Amnesty accuses Hong Kong police of torture

Amnesty International on Sept. 20 demanded an investigation based upon findings of human rights abuses including torture by the Hong Kong police. Amnesty’s report focuses on police brutality during arrests stemming from recent mass protests. Interviews of arrested persons and their lawyers by Amnesty revealed that while police violence most commonly occurred before and during arrest, in several cases detained protesters have also been severely beaten in custody and suffered other ill-treatment amounting to torture.

Said said Nicholas Bequelin, East Asia director at Amnesty: “The evidence leaves little room for doubt—in an apparent thirst for retaliation, Hong Kong’s security forces have engaged in a disturbing pattern of reckless and unlawful tactics against people during the protests. This has included arbitrary arrests and retaliatory violence against arrested persons in custody, some of which has amounted to torture.”

Amnesty reports that the physical abuse has often been administered in response to verbal statements: “In multiple instances, the abuse appears to have been meted out as ‘punishment’ for talking back or appearing uncooperative.”  There was also documentation by the organization of unlawful arrests of protesters over the recent months. More than 1,300 people have been arrested in the context of the mass protests that began in June.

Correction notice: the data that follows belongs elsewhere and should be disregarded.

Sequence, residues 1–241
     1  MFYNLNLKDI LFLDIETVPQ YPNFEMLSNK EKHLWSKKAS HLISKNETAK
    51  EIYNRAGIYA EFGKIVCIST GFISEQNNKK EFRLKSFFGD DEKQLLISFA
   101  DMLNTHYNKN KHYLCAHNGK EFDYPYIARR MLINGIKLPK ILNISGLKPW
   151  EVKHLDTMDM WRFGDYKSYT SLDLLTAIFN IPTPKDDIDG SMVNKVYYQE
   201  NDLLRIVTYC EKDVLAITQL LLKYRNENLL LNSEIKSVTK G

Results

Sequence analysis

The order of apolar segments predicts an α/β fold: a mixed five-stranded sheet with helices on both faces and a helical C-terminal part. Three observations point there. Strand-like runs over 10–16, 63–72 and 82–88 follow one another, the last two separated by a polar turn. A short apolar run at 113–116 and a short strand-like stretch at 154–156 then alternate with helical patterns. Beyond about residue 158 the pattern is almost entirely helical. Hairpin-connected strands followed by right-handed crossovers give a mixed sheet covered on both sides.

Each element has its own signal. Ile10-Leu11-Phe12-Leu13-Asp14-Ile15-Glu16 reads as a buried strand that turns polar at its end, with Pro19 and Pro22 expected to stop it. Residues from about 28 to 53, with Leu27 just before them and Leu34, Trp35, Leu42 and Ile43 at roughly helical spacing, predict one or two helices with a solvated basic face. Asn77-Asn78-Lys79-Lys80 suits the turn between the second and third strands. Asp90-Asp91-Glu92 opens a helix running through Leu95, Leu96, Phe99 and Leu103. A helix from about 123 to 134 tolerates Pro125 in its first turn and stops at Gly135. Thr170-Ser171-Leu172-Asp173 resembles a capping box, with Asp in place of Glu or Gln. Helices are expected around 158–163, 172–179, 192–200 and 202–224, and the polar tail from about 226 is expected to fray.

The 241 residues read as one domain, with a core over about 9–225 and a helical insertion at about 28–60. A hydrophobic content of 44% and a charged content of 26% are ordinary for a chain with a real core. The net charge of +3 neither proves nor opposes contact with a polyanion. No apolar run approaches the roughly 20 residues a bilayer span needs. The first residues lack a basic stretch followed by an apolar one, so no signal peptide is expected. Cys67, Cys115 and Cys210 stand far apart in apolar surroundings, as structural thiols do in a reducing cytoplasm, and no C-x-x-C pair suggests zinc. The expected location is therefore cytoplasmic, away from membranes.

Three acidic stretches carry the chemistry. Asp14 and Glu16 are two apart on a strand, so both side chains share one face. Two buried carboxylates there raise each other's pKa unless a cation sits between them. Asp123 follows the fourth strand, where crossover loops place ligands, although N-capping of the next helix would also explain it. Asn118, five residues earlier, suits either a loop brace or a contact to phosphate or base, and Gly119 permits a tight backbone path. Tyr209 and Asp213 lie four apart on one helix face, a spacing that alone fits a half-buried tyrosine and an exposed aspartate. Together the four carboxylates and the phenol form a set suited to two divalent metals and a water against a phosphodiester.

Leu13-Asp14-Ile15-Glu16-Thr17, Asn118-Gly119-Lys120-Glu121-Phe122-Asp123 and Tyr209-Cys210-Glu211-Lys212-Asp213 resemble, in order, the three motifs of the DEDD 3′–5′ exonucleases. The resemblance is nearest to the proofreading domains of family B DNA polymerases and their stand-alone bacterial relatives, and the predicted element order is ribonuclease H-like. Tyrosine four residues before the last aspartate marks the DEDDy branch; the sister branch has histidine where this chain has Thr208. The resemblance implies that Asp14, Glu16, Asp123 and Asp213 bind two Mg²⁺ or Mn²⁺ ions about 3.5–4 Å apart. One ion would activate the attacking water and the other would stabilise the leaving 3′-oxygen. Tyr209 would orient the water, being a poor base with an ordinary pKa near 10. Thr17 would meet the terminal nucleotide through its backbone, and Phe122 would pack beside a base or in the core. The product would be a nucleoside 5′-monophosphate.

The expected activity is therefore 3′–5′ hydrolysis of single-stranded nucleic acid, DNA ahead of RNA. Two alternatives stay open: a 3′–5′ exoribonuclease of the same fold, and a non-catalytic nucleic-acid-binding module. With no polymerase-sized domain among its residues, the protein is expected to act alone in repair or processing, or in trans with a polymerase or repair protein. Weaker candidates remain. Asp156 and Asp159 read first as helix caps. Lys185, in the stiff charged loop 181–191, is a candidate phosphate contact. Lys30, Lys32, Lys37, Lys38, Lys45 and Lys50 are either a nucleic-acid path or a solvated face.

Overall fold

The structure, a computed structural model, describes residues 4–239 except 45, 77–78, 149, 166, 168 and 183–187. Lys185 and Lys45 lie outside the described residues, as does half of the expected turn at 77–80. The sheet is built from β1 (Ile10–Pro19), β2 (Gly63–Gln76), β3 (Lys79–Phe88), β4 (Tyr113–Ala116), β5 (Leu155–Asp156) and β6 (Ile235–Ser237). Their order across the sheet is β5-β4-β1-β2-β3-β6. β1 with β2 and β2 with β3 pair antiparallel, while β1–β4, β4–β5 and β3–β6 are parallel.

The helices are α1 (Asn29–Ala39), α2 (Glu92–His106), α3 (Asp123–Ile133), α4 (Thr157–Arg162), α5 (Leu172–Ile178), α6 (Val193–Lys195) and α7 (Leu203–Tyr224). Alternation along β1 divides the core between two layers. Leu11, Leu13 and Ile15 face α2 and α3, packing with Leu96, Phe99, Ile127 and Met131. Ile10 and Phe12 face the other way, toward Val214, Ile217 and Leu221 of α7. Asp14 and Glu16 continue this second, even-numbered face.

Amnesty’s report comes after UN human rights experts stated their concerns over the Hong Kong polcie brutality claims earlier this month.

From Jurist, Dec. 20. Used with permission.

Photo: United Social Press via HKFP

  1. Dirty war in Hong Kong?

    We aren’t quite sure what to make of this. But exiled Chinese dissident Rose Tang appears on Fox News to say that “the massacre in Hong Kong has already started, resulting in more than 100 suicides, very mysterious disappearances of people, bodies of people found floating in the harbor…”

    Her source appears to be local news site HK01.com, which reports (in Chinese) that the number of suicides recorded by the police between June (when the protests started) and September was 256. The number of discovered corpses was 2,537. These figures represent an increase of 34% and 311%, respectively, over the same period last year.

    Meanwhile, the incident in which a man arguing with the protesters, and identifying as Chinese (rather than Hong Konger), being doused with fuel and set on fire by a masked and black-clad demonstrator (see The Independent, Nov. 12) greatly deepens our fears about chauvinist anti-mainlander content to the movement. The man is said to be in critical condition in a city hospital.

    Burning barricades is one thing. Burning people? Uh, not so cool.